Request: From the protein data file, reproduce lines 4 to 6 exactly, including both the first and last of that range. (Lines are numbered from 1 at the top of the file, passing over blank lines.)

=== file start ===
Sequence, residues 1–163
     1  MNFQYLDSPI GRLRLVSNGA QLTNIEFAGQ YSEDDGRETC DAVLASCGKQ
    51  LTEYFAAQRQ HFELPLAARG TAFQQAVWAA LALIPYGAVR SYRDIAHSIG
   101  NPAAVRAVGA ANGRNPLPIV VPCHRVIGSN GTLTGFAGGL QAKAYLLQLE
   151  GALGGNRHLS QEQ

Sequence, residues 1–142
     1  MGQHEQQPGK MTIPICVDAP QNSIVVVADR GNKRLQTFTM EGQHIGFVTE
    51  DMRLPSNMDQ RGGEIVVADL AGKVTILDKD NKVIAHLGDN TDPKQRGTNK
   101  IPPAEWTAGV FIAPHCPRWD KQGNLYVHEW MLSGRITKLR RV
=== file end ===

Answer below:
   101  NPAAVRAVGA ANGRNPLPIV VPCHRVIGSN GTLTGFAGGL QAKAYLLQLE
   151  GALGGNRHLS QEQ

Sequence, residues 1–142